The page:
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Starting out as a freelancer – a beginner’s guide

Have you considered using your skills to enter the world of self-employment? Being a freelancer allows you to be flexible regarding when you work, what projects you take on, and where you choose to work.

 

Here’s what you need to know about starting out as a freelancer, from getting started and finding clients to paying taxes and building your portfolio.

 

What service will you offer?

What are your skills? Writing, marketing, graphic design, project management, teaching and tutoring, web developing, CV writing, administration assistance and accounting are some common freelancing professions, but there is a much wider range of jobs out there. Take a look at some popular freelance websites such as Upwork, Freelancer and Peopleperhour to see if your skills are in demand.

 

How do you set up your business?

To set yourself up as a freelancer in the UK you will need to register as a sole trader or set-up a company. There are certain responsibilities that come with being a freelancer that you need to be aware of before you start, to comply with UK laws. For example:

  • Registering for Self-Assessment and filing a tax return each year
  • Keeping a record of all your sales and expenses
  • Budgeting and paying your income tax and National Insurance

 

It’s advisable to put money aside each month so you can cover the tax and NI costs and to have some savings behind you in the first few months to ensure you’re well covered while you build your client base. Many freelancers work part-time initially until they can afford to live off their freelancing earnings entirely.

 

If you are unsure, it’s best to get professional advice but you can read the rules on working for yourself and find out how to register here.

 

How do you find your clients?

Job sites

The quickest and easiest way to start building your client base is to use freelance websites like the ones mentioned above, and start applying for jobs. If you do a good job and keep you clients happy, you will start to build a base of customers who will keep coming back. However, be aware that these freelancing sites can be very competitive. Initially it’s likely that you will have to take some more basic jobs and charge less – once you’ve done the groundwork in this way and built up your reputation, you’ll be able to apply for the more desirable jobs and raise your prices.

Networking

Networking is also a key way to finding a regular income through freelancing. Take time to make quality connections with former colleagues, friends or anyone in your industry who will be willing to recommend you for work. LinkedIn is seen by many as a vital networking tool in promoting yourself and your work.

Speculative job applications

This is where you apply for a job that doesn’t formally exist yet,but (if done correctly) it can be a successful ‘in’ with a company you want to work for. The intention is to advertise your talents in a way that persuades the company that you have what they need, even if they’re not looking for someone or haven’t advertised a position yet. It’s a great way to stand out and tap into a ‘hidden’ job market.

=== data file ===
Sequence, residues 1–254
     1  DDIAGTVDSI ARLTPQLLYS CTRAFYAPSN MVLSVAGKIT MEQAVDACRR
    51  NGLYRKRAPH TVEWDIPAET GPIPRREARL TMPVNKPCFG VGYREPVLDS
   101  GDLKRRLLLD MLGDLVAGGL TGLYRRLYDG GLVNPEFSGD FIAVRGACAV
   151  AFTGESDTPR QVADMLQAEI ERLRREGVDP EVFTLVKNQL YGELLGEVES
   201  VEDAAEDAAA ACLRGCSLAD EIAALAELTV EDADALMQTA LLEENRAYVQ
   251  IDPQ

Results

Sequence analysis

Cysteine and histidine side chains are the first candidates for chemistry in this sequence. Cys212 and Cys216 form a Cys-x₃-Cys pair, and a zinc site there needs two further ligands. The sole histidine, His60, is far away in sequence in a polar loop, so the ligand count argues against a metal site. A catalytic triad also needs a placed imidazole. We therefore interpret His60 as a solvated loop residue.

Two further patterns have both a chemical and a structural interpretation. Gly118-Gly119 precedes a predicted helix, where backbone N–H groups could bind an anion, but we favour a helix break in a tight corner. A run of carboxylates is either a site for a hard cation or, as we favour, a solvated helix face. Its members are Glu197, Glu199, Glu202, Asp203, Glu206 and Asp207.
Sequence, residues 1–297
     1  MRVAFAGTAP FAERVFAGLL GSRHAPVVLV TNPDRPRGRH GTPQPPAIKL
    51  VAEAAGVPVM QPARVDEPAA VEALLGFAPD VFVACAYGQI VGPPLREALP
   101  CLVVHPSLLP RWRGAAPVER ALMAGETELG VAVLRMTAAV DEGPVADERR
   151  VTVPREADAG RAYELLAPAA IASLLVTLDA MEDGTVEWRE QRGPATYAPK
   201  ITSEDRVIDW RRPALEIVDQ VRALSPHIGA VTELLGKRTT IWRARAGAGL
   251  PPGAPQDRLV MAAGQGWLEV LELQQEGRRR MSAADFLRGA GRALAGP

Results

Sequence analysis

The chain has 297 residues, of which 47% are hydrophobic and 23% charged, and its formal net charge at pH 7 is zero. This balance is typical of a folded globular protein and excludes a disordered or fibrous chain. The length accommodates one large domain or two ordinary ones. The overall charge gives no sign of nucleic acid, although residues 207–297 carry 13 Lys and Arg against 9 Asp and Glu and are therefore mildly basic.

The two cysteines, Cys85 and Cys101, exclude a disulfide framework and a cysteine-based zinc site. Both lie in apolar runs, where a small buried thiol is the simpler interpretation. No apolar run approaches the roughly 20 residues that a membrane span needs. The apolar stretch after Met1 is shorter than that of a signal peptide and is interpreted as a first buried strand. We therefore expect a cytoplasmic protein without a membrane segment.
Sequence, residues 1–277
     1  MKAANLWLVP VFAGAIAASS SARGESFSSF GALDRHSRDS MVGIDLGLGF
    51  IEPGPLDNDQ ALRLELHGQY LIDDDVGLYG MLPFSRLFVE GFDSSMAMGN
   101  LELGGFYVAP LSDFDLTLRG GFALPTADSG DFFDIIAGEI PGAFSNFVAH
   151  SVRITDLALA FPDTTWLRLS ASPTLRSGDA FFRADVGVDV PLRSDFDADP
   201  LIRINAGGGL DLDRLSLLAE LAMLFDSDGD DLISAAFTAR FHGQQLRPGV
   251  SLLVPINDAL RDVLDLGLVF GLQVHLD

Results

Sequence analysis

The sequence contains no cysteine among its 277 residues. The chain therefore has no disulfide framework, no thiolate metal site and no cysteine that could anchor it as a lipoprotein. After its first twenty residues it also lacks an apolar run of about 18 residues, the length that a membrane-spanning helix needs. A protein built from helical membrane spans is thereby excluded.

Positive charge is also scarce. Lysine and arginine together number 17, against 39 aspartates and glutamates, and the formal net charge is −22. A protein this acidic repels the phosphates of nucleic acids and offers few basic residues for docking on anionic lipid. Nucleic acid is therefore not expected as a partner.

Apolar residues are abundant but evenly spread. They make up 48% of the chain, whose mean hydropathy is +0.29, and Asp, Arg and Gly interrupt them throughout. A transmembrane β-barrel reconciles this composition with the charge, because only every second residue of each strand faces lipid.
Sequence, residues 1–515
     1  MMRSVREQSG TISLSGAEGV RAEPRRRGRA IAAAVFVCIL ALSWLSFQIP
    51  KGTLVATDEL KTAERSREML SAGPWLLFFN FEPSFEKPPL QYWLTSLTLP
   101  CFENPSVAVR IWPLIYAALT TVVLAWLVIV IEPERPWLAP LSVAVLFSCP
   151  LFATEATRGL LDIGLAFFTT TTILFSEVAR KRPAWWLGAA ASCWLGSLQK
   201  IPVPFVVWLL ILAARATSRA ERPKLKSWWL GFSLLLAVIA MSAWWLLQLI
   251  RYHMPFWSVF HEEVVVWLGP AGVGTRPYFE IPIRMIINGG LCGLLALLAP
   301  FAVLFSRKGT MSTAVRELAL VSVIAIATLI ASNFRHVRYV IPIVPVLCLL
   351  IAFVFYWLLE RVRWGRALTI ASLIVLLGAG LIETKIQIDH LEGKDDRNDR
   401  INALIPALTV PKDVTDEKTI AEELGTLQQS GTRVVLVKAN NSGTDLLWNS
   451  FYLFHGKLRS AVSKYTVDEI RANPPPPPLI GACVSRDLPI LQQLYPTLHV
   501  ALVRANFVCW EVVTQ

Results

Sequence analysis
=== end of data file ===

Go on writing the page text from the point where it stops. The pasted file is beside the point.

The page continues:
Creating your portfolio

Many creative freelance jobs such as copywriting, graphic design, digital marketing and photography will require a portfolio of your best work in order to win clients.

Here are a few tips to create a dazzling portfolio:

  • Curate your portfolio to showcase the key skills you want potential clients to be aware of
  • Include only 5-8 pieces of your best work – there should be no page-fillers
  • Take time to write a description of each project, such as the brief, the problem you solved, the results it achieved, etc
  • Make it easy to find your contact details, explain the type of skills you can provide and the kind of work you are interested in
  • Include testimonials from previous clients

 

If you don’t have enough work to fill a portfolio yet, don’t worry. It’s perfectly acceptable to create ‘fake’ speculative projects that demonstrate your skills, as long as you clearly label that the work was not done for a real client. For example, if you want to create an advertising copywriter portfolio, choose some existing advertisements, and re-write them with improvements. If you want to market yourself as a graphic designer, design logos, posters and packaging for a made-up company. If you’re a web designer, create an impressive website from scratch.

 

Being a freelancer gives you a lot of freedom over your own career, but also requires you to take control of the business side of things, be entrepreneurial in your approach and the way you promote yourself and be adaptable to change. You need to be constantly on the look out for new opportunities because, by its very nature, freelance work is not always secure. However, for many, the benefits of flexible hours and location, and having more control over the projects you choose, make the hard work all worth it.

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